Akhand Bharat will be a reality soon, says RSS Chief
RSS Chief Mohan Bhagwat has said that Akhand Bharat is going to be a reality soon. To put it in his words, “India will again become ‘Akhand Bharat’ in 15 years. We all will see this with our own eyes.”
Bhagwat’s comments came in response to a statement made by Akhil Bharatiya Akhara Parishad president Swami Ravindra Puri who said, “Astrological predictions suggest that we will realise the dream of Akhand Bharat in the next 20-25 years.”
What is RSS’s Akhand Bharat?
RSS has been endorsing the idea of Akhand Bharat — which includes the nations in the subcontinent in its ambit — since the Partition. The idea is that of a ‘unified India’ that includes modern-day Pakistan, Afghanistan, Bangladesh, Nepal, Bhutan, Tibet, Sri Lanka, Maldives and Myanmar as a part of India.
According to BJP general secretary Ram Madhav’s interview with Al Jazeera in December 2015, “The RSS still believes that one day India, Pakistan and Bangladesh which have for historical reasons separated only 60 years ago, will again, through popular goodwill, come together and Akhand Bharat will be created.”
It is not a narrative that was formed in the recent past. Madhav Sadashiv Golwalkar — RSS’s second sarsanghchalak and the man who shaped the organisation for over three decades — said at a press conference in Delhi on August 24, 1949, that Pakistan was an “uncertain state”. As an oft-repeated view he said, “As far as possible, we must continue our efforts to unite these two divided states… If Partition is a settled fact, we [the RSS] are here to unsettle it.”
The idea of Akhand Bharat goes beyond Pakistan. Bodhmala, a textbook on cultural knowledge published by Haryana-based Vidya Bharti Sanskriti Shiksha Sansthan, the RSS’s formal education wing, answers the question “Which are the countries along our present-day border that were once part of our country?” thus: “Brahmadesh (Myanmar) and Bangladesh to the east, Pakistan and Afghanistan to the west, Tibet, Nepal and Bhutan to the north, and Sri Lanka to the south.” The text also refers to the Bay of Bengal as “Ganga Sagar” the Arabian Sea as the “Sindhu Sagar” and the Indian Ocean as the “Hindu Mahasagar.”
These books form a part of the curriculum in the 12,828 schools across India run by Vidya Bharti with 34.6 lakh students and about 1.5 lakh teachers. These schools are affiliated with the CBSE and various state boards.
Similarly, Suruchi Prakashan, a publishing house run by the RSS, has brought out a map called ‘Punyabhoomi Bharat’ in which Afghanistan is called “Upganathan”, Kabul is called “Kubha Nagar”, Peshawar is called “Purushpur”, Multan is called “Moolsthan”, Tibet is called “Trivishtap,” Sri Lanka is called “Singhaldweep” and Myanmar is called “Brahmadesh”.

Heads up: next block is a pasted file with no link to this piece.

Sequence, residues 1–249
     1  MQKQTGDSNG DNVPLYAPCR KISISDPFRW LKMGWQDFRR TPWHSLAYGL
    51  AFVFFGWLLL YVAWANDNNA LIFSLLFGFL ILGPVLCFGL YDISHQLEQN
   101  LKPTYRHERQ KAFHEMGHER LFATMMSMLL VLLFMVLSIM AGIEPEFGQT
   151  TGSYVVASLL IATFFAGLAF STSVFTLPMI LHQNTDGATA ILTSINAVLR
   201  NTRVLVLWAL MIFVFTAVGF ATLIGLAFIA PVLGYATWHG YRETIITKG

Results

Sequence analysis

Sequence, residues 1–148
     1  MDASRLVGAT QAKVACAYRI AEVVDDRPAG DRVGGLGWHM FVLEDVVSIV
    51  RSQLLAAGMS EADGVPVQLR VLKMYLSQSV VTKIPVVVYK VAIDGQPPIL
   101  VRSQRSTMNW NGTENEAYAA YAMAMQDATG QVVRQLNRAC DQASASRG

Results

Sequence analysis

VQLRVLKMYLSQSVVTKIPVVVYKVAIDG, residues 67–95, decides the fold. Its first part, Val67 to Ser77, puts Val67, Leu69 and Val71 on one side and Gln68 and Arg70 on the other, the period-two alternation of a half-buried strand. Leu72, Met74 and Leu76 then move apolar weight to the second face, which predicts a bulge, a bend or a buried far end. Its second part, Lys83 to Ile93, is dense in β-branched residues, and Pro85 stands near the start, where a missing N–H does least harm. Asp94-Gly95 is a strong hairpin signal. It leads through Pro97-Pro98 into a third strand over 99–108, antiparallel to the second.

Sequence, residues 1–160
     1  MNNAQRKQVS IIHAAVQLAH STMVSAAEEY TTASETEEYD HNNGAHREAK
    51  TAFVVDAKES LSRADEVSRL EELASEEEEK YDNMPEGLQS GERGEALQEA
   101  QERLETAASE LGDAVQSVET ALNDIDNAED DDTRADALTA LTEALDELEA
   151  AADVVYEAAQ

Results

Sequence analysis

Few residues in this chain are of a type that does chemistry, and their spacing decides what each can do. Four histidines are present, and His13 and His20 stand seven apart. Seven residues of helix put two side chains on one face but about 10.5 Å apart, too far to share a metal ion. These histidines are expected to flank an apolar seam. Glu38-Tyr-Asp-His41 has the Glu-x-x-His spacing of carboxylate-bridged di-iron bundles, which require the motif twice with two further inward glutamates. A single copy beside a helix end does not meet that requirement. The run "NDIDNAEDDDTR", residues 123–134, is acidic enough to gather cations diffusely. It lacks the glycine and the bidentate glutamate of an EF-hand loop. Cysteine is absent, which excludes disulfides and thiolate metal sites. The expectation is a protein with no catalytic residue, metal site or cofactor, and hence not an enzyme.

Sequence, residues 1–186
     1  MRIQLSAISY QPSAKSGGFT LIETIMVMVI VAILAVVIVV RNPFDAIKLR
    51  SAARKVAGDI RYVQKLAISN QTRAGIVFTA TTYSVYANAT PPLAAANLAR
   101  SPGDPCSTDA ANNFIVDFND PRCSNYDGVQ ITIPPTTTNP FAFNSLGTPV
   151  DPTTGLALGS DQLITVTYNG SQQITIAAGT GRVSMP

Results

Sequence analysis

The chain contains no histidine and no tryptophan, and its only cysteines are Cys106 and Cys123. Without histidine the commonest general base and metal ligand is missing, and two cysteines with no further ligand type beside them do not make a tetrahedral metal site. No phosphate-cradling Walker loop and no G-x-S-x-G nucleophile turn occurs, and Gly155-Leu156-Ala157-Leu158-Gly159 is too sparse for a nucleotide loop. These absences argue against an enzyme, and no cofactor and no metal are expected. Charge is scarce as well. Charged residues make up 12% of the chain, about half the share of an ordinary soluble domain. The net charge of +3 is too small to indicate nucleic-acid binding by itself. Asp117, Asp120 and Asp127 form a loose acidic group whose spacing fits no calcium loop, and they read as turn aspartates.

The combined region of the countries is termed a “Rashtra” (country) which is based on “cultural similarities” with Hinduism. In fact, the idea of creating an Akhand Bharat has been intrinsically and ideologically linked with the thesis of Hindutva and the ideas of sangathan (unity) and shuddhi (purification) — the pillars of the RSS’s principles.
Pre-independence, the RSS, Hindu Mahasabha and like-minded organisations believed that the British wanted to break the concept of Akhand Bharat and employ the divide-and-rule policy. Propounding the notion of an Akhand Bharat that “must remain one and indivisible” Hindu Mahasabha leader VD Savarkar said in 1937 that it stretches “from Kashmir to Rameswaram, from Sindh to Assam.”
Subsequently, RSS saw the Partition of India as the death knell for the Akhand Bharat dream and hasn’t been charitable to the leaders who have advocated the creation of Pakistan, from Jinnah, Gandhi, and Nehru to even Patel. In his book `The Tragic Story of Partition’ RSS ideologue HV Seshadri, for instance, has unflattering references to Nehru and Patel, as the author clubs both the leaders and holds them responsible for Partition. He further writes, “What took place on the August 14-15, 1947, was this gross betrayal of the nation’s faith, the betrayal of the dreams of countless fighters and martyrs who had plunged into the fire of freedom struggle with the vision of Akhand Bharat in their hearts.”
Even today, while the BJP leadership might waver on the issue, the RSS has always stood strong on the idea. Even today, the RSS-affiliated magazine Organiser publishes editorials by leaders including Mohan Bhagwat, espousing the philosophy that only Akhand Bharat and sampoorna samaj (united society) can bring “real” freedom to the people of India. So strong has been the intent that the RSS has been observing the “Akhand Bharat Day” on August 14 every year, channelling its vision by having like-minded ideological advocates discussing the realisation of the dream of a “united” India.
In the past, Bhagwat has summed up the RSS’s principle on the issue, saying that if Hindus want to remain Hindus then Bharat has to be made “Akhand”. And a few days ago, he said that “no one can stop India from achieving its goal”.
“Isko rokne wale hat jayenge ya mit jayenge (Those trying to impede the country’s march forward will either move away or not remain).”